The Bank of Japan continues to play alone in these times of global inflationary pressures by keeping monetary policy ultra accommodative as the rest of the world tightens. As a result, the yen weakens as Japanese food and energy import costs soar.
For the first time in decades, Japan is facing strong inflationary pressures. Although this should have led to higher bond yields, Japan cannot afford high debt service charges due to the country’s huge debt burden (>250% of GDP). As such, the BoJ uses a mechanism known as yield curve control (YCC) where it continues to buy JGBs (Japanese government bonds) to ensure that yields do not exceed a upper limit of 0.25% for the 10-year JGB.
However, macro hedge funds and other investors are now betting that YCC is unviable and thus selling the JGB market short – much in the way hedge fund manager George Soros attacked the pound in the 1990s. The BoJ is forced to buy even more JGB to defend the hard limit of 0.25%.
Japanese monetary policy is way beyond normal
“The pace of BoJ purchases has accelerated to a monthly pace that is now double the pace of ‘Abenomics peak’ purchases of around 20 trillion yen in government bonds,” explained Charles-Henri Monchau, director of investments of the Syz group. “That’s the GDP equivalent of the Fed doing $750 billion in monthly QE in the United States.”
The only way the world can begin to reverse monetary policy from the emergency level, while simultaneously running record debt and deficits, is for the Bank of Japan to implement unlimited, full-throttle QE. In doing so, the BoJ has become the shock absorber of the global economy. In return, they can devalue the yen and devalue the worst debt burden in the world.
With this policy divergence and the implied permission to devalue the yen, the yen has fallen more than 17% since the Fed made its first rate hike in March. By April, he had already been on a record losing streak. It hit new 24-year lows against the dollar.
“One of the reasons the Bank of Japan is maintaining a radically different course than other central banks is the belief of policymakers that the current inflationary pressures in Japan will be temporary,” he said. Richard Aston, manager of the CC Japan Income & Growth investment fund. “We remain cautious but note the announcements of Asahi Holdings Group that the prices of national products (beer and soft drinks) will be increased between 6% and 10% (the first increase in 14 years) and by the convenience store operator Lawson that it will raise the price of its popular fried chicken (“kara-age”) for the first time in 36 years. Supporting these movements, data shows that input costs (as measured by the PPI) are rising at the fastest rate since 1980, while consumer inflation expectations are at 14-year highs.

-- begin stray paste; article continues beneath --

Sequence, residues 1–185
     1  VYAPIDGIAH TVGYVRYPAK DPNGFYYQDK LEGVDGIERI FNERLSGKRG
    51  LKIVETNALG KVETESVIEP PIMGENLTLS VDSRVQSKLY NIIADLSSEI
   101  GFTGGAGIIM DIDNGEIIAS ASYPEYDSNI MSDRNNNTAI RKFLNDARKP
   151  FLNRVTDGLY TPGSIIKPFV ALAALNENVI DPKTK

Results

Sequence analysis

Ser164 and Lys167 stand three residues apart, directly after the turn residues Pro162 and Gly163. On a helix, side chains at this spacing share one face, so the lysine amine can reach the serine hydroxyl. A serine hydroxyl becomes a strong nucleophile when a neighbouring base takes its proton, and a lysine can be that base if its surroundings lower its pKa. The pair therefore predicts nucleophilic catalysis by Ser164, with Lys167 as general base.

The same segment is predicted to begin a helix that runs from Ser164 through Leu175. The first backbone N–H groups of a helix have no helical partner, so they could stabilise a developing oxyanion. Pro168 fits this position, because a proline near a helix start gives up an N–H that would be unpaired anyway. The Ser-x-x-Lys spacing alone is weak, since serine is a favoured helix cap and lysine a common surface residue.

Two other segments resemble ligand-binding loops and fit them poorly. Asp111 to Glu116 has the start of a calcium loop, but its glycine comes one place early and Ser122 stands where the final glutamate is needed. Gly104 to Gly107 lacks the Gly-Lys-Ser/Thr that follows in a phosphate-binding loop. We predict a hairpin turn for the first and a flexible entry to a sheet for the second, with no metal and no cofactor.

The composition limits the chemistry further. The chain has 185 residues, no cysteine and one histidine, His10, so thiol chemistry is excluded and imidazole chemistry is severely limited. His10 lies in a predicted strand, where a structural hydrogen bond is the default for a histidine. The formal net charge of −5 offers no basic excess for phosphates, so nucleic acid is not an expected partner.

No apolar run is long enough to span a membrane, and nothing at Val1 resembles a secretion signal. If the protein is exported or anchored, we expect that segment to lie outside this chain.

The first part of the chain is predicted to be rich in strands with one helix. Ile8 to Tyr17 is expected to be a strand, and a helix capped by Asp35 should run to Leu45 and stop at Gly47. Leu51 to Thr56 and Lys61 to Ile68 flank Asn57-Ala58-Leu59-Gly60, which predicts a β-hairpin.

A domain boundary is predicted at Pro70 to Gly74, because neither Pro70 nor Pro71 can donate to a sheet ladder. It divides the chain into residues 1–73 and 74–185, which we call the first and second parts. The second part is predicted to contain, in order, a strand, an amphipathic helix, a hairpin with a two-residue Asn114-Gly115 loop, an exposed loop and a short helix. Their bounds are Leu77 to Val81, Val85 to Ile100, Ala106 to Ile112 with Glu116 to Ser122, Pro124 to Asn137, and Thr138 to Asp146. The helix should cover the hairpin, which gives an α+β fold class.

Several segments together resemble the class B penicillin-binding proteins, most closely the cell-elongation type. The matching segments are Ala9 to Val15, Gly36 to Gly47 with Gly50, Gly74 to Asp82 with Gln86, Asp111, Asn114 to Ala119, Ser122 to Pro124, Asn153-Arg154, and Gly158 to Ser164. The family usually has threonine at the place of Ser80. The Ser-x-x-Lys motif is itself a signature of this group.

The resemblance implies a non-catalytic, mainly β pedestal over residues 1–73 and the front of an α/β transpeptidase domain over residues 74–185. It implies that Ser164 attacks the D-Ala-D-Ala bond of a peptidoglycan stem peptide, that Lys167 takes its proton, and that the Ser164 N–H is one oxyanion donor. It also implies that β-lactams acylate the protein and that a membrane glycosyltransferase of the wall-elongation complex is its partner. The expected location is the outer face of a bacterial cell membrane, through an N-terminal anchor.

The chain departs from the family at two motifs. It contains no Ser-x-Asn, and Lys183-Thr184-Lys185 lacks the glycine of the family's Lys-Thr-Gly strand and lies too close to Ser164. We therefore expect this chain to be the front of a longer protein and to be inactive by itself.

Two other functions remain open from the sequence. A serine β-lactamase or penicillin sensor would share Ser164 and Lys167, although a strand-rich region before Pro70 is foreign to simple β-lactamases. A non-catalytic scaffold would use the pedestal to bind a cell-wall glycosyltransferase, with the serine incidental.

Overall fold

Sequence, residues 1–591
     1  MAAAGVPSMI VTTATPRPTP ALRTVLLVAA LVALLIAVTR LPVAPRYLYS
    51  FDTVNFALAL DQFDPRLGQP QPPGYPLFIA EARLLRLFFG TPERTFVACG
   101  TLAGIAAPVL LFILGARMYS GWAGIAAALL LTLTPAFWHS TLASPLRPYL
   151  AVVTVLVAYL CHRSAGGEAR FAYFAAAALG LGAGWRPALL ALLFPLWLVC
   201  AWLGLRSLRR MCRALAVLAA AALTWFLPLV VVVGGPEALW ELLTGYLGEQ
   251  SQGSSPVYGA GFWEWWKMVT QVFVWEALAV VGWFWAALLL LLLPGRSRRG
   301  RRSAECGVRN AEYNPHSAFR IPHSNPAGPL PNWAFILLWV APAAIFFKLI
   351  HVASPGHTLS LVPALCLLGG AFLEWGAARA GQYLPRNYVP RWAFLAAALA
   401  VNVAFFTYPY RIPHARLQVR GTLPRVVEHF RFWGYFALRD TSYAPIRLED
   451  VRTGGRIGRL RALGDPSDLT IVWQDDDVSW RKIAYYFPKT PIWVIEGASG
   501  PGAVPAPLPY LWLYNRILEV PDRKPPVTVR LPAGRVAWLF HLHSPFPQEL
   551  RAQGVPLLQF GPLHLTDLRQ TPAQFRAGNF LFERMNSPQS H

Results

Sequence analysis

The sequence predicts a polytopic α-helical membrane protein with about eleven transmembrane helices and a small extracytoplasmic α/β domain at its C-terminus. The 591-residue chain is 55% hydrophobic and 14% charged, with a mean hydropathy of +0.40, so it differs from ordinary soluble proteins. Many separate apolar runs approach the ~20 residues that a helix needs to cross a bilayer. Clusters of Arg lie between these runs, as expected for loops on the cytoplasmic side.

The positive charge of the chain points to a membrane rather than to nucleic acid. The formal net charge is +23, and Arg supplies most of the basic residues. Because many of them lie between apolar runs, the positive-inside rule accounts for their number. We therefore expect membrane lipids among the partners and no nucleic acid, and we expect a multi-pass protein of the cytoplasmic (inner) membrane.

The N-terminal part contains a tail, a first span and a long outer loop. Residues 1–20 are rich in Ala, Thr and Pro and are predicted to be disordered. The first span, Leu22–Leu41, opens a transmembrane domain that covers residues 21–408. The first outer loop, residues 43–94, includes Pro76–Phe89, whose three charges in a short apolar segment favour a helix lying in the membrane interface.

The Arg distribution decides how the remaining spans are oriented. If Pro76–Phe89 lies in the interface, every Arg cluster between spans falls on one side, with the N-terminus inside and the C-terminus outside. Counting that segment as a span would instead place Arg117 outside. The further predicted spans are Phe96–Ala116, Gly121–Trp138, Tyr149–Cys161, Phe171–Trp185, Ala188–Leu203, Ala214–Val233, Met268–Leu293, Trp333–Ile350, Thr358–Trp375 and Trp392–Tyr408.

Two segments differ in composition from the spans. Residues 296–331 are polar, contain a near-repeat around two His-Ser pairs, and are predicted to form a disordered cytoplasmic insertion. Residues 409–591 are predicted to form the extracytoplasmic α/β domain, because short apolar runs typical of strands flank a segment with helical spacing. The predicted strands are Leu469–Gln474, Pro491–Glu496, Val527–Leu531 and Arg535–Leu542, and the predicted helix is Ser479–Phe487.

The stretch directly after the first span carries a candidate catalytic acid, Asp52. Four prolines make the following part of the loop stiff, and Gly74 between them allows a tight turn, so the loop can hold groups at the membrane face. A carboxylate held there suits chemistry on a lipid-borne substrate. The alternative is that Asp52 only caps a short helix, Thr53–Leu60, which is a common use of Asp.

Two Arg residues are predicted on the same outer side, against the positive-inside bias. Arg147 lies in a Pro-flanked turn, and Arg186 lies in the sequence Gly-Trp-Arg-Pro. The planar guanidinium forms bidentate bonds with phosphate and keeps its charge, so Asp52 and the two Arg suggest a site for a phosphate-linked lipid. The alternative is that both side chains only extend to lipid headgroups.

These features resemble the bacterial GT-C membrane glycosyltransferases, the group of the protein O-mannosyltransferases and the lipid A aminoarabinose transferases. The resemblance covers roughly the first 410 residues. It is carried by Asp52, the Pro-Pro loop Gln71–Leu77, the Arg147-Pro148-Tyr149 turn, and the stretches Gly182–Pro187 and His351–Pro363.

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Is it just the giant Ponzi scheme?
Some other commentators refer to the BoJ policy as a “giant Ponzi scheme”. As a result of the above, the BoJ is obligated to lend the equivalent amount. This then triggers what usually happens when investors get ultra-low funding in an ever-weakening currency: lots of carry trades. But if the yen strengthens and/or the yield rises (due to the BoJ’s eventual abandonment of the YCC), we will have a massive unwinding of carry trades, i.e. a massive market sell-off. .
“The Bank of Japan’s renewed policy of keeping 10-year bond yields below 0.25% helped push the yen to a 20-year low against the dollar at a time when interest rates US Fed increase,” observed Taeko Setaishi, manager of the investment fund Atlantis Japan Growth. “This is having a negative impact on Japan in terms of raw material imports, especially with soaring energy costs globally. At a time when real wages have increased only marginally, the he impact on Japanese households will be hard felt.While the headline inflation rate is expected to remain below that of other developed economies, it will be a shock to an economy that has experienced stubbornly low inflation for more than 20 years.
The BoJ is thus playing with fire and the risks go well beyond the Japanese islands. The weakening of the yen creates the risk of currency devaluation across Asia (which will trigger higher inflation and higher dollar debt costs and hence default risk) while existing carry trades could create a global shock the day they unravel. This is a ticking time bomb in the making that FX traders will need to watch closely, even if they are trading outside the JPY.
“It’s the kind of financial crash (led by tighter monetary policy in the U.S. versus easing in Japan) that could indeed lead to further market declines and a global recession,” he said. said Monchau. “Something to watch carefully.”
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